It’s perhaps apt that the world of German politics has turned upside down just as half the country is poised to celebrate the most surreal season of the German year.
All over south and western Germany, men and women are polishing rhinestone encrusted costumes, dusting down 18th-Century wigs and preparing for a week of revelry, street parades and indulgence. During Carnival, or Fasching, anything goes.
Though as Annegret Kramp-Karrenbauer found to her cost last year, that’s not true for everyone.
A staunch fan of the tradition, she was just two months into the job as CDU party leader when, at a carnival event in Baden-Württemberg, the costumed AKK made an ill-judged joke about gender-neutral bathrooms.
It was the first of a series of blunders, which culminated this week in her decision to give up the party leadership and with it her ambition to become Germany’s next chancellor.
But, even her critics admit, her downfall wasn’t entirely of her own making.
The rise and fall of AKK
Angela Merkel gave up the leadership of the party in 2018. It was a pivotal moment.
After the CDU took a hammering in the October 2018 Hesse regional election (which saw gains for the Greens and the far-right AfD), she was under pressure from her own party and her coalition partners.
By announcing that she would hand over some of her power and, in effect, begin the transition to a new political era, she mollified some who feared that she was still tainted, in the eyes of some voters, by her stance over the refugee crisis.
Others saw an opportunity to freshen the party and bring in a new face.
Chancellor Merkel already had someone in mind. She’d appointed Annegret Kramp-Karrenbauer as the secretary general some months earlier and, after a leadership contest, AKK – widely perceived as a continuity candidate – was voted in as leader.
But the party remained divided.
Those who still nurtured leadership ambitions either sniped in public or quietly built up supporters, biding their time.
And, in truth, Angela Merkel retained her power. When AKK – trying to step out from the shadow of her mentor – made mistakes, few leapt to her defence, least of all the chancellor herself.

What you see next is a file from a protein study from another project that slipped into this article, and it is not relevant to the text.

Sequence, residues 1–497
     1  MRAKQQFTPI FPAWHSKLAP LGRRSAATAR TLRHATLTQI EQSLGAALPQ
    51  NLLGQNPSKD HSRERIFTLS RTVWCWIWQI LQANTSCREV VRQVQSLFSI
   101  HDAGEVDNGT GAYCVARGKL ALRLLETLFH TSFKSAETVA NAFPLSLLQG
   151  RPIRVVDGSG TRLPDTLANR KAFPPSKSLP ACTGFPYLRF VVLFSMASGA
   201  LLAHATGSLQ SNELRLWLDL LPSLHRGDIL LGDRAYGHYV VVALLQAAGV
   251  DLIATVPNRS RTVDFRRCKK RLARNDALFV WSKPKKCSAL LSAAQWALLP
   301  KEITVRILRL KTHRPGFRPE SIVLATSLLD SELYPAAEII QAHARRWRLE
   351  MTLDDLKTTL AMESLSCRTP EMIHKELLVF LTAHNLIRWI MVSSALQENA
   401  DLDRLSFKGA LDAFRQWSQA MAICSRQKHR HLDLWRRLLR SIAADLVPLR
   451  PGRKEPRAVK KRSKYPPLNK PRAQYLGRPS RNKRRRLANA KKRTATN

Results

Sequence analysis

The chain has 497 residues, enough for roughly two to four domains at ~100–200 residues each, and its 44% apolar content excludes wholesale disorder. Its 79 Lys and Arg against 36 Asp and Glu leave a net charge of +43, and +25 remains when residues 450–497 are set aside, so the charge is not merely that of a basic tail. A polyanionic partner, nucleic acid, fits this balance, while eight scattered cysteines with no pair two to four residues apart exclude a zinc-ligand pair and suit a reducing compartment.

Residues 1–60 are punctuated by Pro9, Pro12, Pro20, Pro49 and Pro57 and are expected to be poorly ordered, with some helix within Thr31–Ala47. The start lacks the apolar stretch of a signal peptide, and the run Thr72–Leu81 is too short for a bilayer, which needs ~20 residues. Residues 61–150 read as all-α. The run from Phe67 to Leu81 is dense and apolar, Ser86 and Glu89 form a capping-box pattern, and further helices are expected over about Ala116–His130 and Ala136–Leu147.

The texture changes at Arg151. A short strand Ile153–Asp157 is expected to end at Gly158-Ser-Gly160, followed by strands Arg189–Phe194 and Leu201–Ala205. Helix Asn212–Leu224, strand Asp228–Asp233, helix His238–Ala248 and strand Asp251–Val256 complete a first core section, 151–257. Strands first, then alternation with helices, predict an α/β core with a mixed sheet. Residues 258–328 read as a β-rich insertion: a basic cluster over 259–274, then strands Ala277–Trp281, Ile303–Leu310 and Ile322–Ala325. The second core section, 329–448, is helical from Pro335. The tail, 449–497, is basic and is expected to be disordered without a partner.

Ultimately, AKK failed in her mission to resolve long-held differences between the party base in the regions and its leaders in Berlin.
Far-right row highlights weakened AKK
The situation was perfectly illustrated in Thuringia where, following inconclusive elections, local CDU politicians struggled with the party line which forbade them from co-operation with either the left or the far right.
When those politicians appeared to defy the convention, aligning themselves with AfD to oust the left-wing state prime minister last week, they also highlighted AKK’s lack of authority.
It was Angela Merkel, not her party leader, who in a break with convention fiercely criticised the development while on a visit to South Africa.
Float designers in Germany’s carnival cities are no doubt feverishly rejigging their creations. Street parades featuring floats which lampoon and satirise the latest political developments – at home and abroad – are a carnival tradition.
AKK is likely to feature. And so is Angela Merkel.
The chancellor displays little enthusiasm for carnival – which didn’t figure in her upbringing in the former east.
Every year, in January, delegations visit her in the Chancellery. This year, as usual, she could barely conceal her discomfort and bewilderment as she posed with acrobats, dancers and officials in extravagant costumes.
Merkel loses control of succession
Many wonder whether this might be the last carnival she’s forced to endure.
Officially her term ends in Autumn 2021. But her hopes of managing her own political end and of shaping the next era of German politics by grooming her successor are over.
Shortly after AKK announced her resignation, she said what many were thinking; that it’s not possible for a party leader to function while power remains concentrated in the Chancellery. That the two roles should be reunited as before.
A handful of men are jostling to succeed AKK. The successful candidate, it’s widely thought, will then lead the party into fresh elections as the chancellor candidate.
Difficult decisions lie ahead for the party.
Angela Merkel, with her global profile, is popular at home and difficult to replace. If she jumps (or is pushed) too early, AfD, triumphant from the political chaos they’ve unleashed, will claim her scalp as their own.
A candidate would traditionally be selected at the December conference.
But many fear the party cannot afford months of infighting as it dithers over its next leader.
It must decide its future direction too, choosing between a continuity candidate and those who would steer it to the right.
Important considerations: the CDU has not yet found a way to deal with AfD, and a strengthening Green party is currently the most obvious coalition partner of the future – but that would require a more moderate stance.
And Angela Merkel’s political demise has been endlessly, and wrongly, predicted over the last few years.
As the carnival rolls into towns and cities, it’s anyone’s guess as to how – or when – this political era will end.